La escultura de acero de 28 metros de altura creada por Sebastián (Enrique Carbajal González), inspirado en la tradición olmeca, representa una cabeza de caballo instalada el 15 de enero de 1992 en el Paseo de la Reforma de la Ciudad de México.
El monumento reemplazó a la estatua de Carlos IV de España removida en 1979, y sirve como chimenea de vapor del canal de drenaje subterráneo con la intención de no degradar la imagen del Paseo. Así que ya no es un Caballo de finales del siglo XVIII, sino un caballo moderno que el escultor Sebastián sitúa en el mismo lugar que durante más de un siglo albergó el del artista Manuel Tolsá.
Un nuevo corcel de gran vigor y color vivo, como se espera será el camino a seguir hacia un destino ojalá “noble”, como es la estación final indicada en el autobús. Para este viaje, sin embargo, también América Latina, como sugiere la imagen, deberá dotarse de nuevos instrumentos y nuevos medios.
Foto de portada: El Caballito, oficialmente Cabeza de caballo, escultura de Sebastián (Enrique Carbajal González), foto di Andres Ordaz Vega, Pexels, Mexico
Browsing Visioni LatinoAmericane 29 (2023) by Type "Article"
Thinking about the future of Latin America means considering the latest events and the role of the younger generations. Elements that interface with political, social, economic, etc. issues and that suggest that an approach to life is establishing itself among young people which allows them to be central in the dispute for the future.
The authors examine the relationship between the electoral participation of the Colombian diaspora and the social and political transformations that Colombia has experienced in recent years, including the signing of the peace agreement with the Farc-Ep, social protests and the election of the first leftist president. Through the analysis of electoral results in different countries, they highlight the changes in the participation and political orientation of Colombians abroad. They also incorporate the concept of political remittances to better understand the factors driving these changes and their impact on the country’s political and social dynamics.
The essay underlies that Max Weber’s ideas have been received in different ways in the various sociological schools in Latin America. His representation of the ideal type of a bureaucracy has been uniformly found con-sistent with the actual situations all around the continent. However, several authors vainly expected from him a general theory which could be adequately applied to the political processes characterizing the various nations in the continent. In particular, his two basic contributions to the philosophy of science (Wertbeziehung and Verursa-chung) have received much less attention than is concept of Wertfreiheit, loosely adopted by neo-positivists in order to justify their disinterest for class struggle and other social conflicts.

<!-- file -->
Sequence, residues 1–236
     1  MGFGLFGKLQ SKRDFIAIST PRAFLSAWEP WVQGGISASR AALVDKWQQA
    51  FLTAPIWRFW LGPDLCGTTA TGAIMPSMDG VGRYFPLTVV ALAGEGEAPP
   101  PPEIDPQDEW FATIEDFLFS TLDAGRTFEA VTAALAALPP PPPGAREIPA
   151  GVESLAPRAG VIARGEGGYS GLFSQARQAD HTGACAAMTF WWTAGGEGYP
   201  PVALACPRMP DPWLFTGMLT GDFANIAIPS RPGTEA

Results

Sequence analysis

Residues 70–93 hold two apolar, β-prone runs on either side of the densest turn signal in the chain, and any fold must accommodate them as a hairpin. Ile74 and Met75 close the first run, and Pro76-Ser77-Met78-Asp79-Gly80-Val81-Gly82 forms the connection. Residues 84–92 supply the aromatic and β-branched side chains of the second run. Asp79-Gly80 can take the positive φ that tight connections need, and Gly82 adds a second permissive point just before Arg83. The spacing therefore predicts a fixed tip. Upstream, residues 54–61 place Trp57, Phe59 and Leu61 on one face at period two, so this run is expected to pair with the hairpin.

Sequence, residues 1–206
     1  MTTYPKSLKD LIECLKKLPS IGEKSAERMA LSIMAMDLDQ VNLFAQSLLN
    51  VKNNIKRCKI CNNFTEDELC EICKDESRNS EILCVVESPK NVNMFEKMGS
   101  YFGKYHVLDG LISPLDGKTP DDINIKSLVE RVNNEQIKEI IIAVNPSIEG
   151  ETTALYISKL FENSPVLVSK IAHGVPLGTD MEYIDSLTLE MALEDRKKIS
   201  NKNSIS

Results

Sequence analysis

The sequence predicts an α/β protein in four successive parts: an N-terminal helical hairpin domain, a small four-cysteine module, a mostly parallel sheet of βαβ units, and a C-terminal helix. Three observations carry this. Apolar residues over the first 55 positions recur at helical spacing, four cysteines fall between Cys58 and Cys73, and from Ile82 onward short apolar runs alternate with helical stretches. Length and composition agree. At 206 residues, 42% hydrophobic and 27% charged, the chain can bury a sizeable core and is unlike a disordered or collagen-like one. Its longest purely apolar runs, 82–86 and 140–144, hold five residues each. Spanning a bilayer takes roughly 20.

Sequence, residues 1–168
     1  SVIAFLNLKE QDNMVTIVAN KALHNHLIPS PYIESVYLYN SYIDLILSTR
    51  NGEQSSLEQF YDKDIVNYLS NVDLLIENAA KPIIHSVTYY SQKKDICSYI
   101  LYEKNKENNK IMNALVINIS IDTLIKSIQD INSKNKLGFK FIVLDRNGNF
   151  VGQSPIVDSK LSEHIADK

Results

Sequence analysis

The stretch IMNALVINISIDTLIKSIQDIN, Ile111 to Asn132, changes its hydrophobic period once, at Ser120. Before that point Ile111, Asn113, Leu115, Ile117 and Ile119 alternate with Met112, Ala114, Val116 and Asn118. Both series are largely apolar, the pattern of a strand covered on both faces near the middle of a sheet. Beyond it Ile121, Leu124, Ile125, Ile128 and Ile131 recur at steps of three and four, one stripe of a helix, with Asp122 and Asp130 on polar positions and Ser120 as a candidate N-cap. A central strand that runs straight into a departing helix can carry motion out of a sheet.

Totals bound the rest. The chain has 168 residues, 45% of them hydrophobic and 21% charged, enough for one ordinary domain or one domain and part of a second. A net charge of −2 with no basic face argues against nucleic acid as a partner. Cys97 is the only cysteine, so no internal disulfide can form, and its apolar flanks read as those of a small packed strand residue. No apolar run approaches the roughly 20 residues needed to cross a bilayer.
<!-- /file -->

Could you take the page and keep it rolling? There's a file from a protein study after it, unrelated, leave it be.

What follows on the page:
The election of Andrés Manuel López Obrador (Amlo) as president of Mexico was the result of the aspiration for change expressed by a part of Mexican society, fragmented by violence and corruption. In the facts, however, his leadership includes traits of populism that demonstrate his difficulty in successfully dealing with the same criminal violence and the same social inequalities that led him to the presidency.
The authors reflect on the anti-democratic acts that took place in Brasilia in January 2023, after the inauguration of President Lula. Their analysis highlights on the one hand the need, in the short term, to repress such behavior using the current provisions of the Brazilian legal system, and on the other to invest, especially in the medium-long term, in education, school, education, civic training as a conditio sine qua non for the promotion of democracy.
The author analyzes the relationship between de-democratization and memory politics, taking into account what happened between 2016 and 2022 in Brazil. He examines the outcomes and limits of the memory policies acti-vated in the country also in relation to the changes introduced by the recent political situation.
The author considers the emergence of rural and community tourism in the Argentine village of Yariguar-enda. She reflects on implementing some policies aimed at the indigenous population and on the gradual affirmation of the enhancement of cultural diversity, albeit in a context with a robust neoliberal incidence. She also examines the tensions between the struggle to recover